Lamont was born in Glasgow in 1957, into a Gaelic-speaking family from Tiree. She attended Woodside Secondary School and gained an MA in History and English from the University of Glasgow before going on to study for a postgraduate teaching qualification from Jordanhill College of Education. Before becoming an MSP in 1999, she worked as a teacher for 20 years, with her last post in the Education Social Work Project in the Castlemilk area of Glasgow.

Curran is first generation Scottish. Her parents moved to Scotland from Ireland in the early 1950s and Curran was brought up in the East End of Glasgow, firstly in Townhead and then in Denniston. She was elected to represent Glasgow Baillieston at the inception of the Scottish Parliament in 1999, and re-elected in 2003 and again in 2007. Before entering the Scottish Parliament, Curran was a lecturer in community education at the University of Strathclyde and also spent time as a community worker. In May 2010, she was elected as MP for Glasgow East. While neither family was politically active, they were interested in politics, which rubbed off on both women.

Lamont: “My parents would have been Labour supporters, though they weren’t Labour Party members. It says something that I didn’t join the Labour Party until I went to university. It was almost like that sort of thing was for other people. We were very lucky when we went to university that the Labour Club at that time had decided that they didn’t want to bring forward student debates and student politics; they wanted to encourage people to get involved in their local constituency parties. We’re talking about campaigning now but where I lived in Glasgow, although it was a very working-class area, was inside a marginal seat so people were real campaigners back then.”

Curran: “We got to meet a lot of very interesting people, very young, in the Labour Party.”

Lamont: “Because it was quite a big club, a lot of people would come to speak. I can remember Neil Kinnock coming, and Robin Cook was a favourite because he was a fantastic speaker. My first job in the Labour Club was assistant publicity secretary. It basically involved getting sheets of A5 paper and felt tipped pens. We would have to go around all the university buildings putting these posters up. These days they just sit with their phones!”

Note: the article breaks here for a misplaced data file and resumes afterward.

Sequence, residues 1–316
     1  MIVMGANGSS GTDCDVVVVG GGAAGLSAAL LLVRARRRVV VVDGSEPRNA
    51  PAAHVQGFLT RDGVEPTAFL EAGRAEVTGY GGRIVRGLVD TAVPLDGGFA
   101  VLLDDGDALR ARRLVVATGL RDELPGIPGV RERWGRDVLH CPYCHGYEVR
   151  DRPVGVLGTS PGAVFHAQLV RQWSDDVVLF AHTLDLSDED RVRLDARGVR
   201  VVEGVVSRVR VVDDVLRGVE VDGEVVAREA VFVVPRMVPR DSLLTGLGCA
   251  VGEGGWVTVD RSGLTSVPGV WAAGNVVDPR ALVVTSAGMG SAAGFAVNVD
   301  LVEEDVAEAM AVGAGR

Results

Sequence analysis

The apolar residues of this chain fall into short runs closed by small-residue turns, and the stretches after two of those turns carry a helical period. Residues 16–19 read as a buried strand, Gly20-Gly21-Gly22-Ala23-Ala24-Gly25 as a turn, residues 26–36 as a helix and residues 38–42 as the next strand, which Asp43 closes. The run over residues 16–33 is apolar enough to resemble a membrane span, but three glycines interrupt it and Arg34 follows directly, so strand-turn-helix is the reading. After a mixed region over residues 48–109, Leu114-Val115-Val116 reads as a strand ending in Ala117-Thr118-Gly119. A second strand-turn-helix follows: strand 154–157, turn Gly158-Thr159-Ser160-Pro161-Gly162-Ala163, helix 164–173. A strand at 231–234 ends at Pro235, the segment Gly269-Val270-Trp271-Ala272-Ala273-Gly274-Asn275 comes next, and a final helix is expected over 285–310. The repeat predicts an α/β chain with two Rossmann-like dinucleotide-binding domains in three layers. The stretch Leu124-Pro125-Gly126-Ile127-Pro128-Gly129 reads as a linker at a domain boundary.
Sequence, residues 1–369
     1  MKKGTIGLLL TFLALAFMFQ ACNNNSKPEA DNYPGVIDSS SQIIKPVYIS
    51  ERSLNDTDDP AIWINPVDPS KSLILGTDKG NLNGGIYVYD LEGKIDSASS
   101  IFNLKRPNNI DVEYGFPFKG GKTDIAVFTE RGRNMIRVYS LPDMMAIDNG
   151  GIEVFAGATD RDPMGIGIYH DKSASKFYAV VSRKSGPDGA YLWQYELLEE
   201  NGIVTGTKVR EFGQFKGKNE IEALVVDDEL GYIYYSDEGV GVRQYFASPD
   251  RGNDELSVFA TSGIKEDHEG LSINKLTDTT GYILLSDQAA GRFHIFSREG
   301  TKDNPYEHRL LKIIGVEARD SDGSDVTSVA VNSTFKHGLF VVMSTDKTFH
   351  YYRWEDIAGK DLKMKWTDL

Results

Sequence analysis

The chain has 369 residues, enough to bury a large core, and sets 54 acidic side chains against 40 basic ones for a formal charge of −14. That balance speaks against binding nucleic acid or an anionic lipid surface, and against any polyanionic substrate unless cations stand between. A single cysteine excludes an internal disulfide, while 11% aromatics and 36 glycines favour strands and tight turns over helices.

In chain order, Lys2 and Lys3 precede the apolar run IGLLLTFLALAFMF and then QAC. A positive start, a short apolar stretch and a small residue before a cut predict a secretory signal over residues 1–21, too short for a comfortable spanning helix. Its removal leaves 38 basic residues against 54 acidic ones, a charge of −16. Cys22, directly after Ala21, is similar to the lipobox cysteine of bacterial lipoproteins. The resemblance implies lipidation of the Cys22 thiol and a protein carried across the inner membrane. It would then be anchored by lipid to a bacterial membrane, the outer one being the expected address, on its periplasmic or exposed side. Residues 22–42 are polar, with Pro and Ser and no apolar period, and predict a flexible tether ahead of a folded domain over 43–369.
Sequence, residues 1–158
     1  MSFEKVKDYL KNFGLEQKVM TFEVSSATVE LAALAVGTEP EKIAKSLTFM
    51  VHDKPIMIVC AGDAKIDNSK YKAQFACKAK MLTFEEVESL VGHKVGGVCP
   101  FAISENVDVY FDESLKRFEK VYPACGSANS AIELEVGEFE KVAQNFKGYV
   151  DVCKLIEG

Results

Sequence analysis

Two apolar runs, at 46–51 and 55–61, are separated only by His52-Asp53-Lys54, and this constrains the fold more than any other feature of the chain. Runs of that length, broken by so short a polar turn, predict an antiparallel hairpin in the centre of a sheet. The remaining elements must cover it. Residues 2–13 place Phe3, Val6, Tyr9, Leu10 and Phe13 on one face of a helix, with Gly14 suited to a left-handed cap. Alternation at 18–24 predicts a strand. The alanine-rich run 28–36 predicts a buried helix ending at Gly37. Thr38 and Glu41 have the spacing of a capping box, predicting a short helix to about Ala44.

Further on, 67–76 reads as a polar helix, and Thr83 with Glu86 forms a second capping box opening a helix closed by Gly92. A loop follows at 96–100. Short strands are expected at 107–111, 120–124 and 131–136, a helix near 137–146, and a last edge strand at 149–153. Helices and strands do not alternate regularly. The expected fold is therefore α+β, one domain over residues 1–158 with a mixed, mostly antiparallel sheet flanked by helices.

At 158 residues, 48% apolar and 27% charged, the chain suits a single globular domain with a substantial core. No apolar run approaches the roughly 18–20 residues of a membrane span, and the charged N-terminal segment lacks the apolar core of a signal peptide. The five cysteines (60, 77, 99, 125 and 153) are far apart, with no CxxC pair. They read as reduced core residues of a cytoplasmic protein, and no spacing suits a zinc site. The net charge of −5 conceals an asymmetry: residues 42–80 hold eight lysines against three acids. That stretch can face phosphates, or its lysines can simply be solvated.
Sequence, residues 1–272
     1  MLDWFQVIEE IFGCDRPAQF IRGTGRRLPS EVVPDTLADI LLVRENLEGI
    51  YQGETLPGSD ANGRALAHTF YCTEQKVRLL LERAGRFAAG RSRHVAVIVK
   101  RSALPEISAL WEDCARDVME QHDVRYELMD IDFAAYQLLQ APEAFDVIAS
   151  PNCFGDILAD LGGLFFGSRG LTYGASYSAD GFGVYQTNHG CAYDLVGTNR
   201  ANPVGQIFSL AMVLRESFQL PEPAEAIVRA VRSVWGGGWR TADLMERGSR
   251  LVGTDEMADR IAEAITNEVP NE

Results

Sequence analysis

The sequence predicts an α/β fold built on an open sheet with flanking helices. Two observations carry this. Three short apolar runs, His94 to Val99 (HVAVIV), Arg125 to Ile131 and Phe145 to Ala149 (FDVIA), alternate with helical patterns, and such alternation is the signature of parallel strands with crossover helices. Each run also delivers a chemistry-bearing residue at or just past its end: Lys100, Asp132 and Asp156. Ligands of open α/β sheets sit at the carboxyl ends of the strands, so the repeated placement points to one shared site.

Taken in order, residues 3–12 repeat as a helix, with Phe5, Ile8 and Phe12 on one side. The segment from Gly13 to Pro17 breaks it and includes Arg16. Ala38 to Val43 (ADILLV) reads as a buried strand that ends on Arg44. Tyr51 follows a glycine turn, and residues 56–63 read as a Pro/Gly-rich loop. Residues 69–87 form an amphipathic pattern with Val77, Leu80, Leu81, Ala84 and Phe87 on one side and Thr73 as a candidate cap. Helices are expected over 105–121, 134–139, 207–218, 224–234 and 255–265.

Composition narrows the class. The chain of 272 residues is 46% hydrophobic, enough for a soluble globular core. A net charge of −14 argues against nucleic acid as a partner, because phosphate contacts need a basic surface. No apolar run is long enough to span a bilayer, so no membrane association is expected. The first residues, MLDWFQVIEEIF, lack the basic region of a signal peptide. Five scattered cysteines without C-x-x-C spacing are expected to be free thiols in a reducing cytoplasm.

Curran: “Remember the Labour Club discos? [laughter] If you were a trendy young person, that wasn’t where you would want to be seen.”

Lamont: “I remember almost causing a fight because I put a pin with a cloakroom ticket on someone’s leather jacket, well, you’d have thought they were going to sue the Labour Club.”

It was at this time women’s issues were starting to come to the fore and Lamont cites her friendship with Curran as starting a lifelong interest in feminism and women’s rights.

Lamont: “When I went to university my view of the world was around the idea that life is so unfair and we need to do something about it. This was also the very point where the women’s movement was starting to become evident and I credit Margaret for making me a feminist because I moved from having a sense of injustice and inequality to thinking there were specific things which were happening to women. Margaret is one of four sisters and I learned from watching her. It was a conversation which was going on and I wasn’t particularly engaged with it until Margaret came to university and talked about these issues.

“I remember reading a book by Erin Pizzey, who later became quite a controversial figure in women’s politics, called Scream Quietly or the Neighbours Will Hear, which was about domestic abuse. There were women coming into the Labour Club, and Margaret was much closer to them than I was but I got to learn about those issues through Women’s Aid, which at that time were moving to set up a refuge. When I look back, out of our friendship came a deepening of my understanding of what politics was about.”